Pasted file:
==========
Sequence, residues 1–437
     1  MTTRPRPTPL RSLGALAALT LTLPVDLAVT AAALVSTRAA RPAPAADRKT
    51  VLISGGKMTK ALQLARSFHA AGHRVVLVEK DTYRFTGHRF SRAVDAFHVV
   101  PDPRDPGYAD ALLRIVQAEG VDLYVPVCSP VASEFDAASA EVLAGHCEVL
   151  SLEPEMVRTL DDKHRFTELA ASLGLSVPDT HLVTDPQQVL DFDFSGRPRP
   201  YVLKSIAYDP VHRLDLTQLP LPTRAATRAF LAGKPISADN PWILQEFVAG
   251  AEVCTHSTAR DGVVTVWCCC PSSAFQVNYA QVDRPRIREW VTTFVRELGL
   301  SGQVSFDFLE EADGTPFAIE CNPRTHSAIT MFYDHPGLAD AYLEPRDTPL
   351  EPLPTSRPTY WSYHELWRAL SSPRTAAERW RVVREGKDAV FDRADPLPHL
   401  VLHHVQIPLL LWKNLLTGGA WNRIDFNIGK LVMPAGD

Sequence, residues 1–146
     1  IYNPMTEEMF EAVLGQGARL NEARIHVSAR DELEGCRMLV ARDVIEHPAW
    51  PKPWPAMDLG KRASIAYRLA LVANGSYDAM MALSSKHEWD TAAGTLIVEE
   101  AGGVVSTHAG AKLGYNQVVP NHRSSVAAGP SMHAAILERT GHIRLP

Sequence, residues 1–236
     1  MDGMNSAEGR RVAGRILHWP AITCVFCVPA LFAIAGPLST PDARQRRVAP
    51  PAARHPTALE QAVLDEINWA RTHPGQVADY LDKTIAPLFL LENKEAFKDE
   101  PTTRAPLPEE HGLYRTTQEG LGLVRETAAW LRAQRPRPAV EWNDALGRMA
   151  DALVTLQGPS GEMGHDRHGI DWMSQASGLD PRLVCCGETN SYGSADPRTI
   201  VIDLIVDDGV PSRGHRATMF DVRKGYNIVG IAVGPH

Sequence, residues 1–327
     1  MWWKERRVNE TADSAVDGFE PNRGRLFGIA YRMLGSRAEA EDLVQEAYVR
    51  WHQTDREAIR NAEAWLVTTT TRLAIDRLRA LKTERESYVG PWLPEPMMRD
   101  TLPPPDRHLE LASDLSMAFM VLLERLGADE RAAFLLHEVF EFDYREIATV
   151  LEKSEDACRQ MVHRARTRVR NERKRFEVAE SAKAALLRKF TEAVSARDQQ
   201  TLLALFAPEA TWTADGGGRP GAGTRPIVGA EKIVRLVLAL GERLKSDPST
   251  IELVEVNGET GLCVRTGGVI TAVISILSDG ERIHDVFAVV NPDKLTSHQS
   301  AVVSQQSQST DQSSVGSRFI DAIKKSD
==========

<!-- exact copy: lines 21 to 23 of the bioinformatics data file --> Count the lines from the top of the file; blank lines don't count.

Sequence, residues 1–327
     1  MWWKERRVNE TADSAVDGFE PNRGRLFGIA YRMLGSRAEA EDLVQEAYVR
    51  WHQTDREAIR NAEAWLVTTT TRLAIDRLRA LKTERESYVG PWLPEPMMRD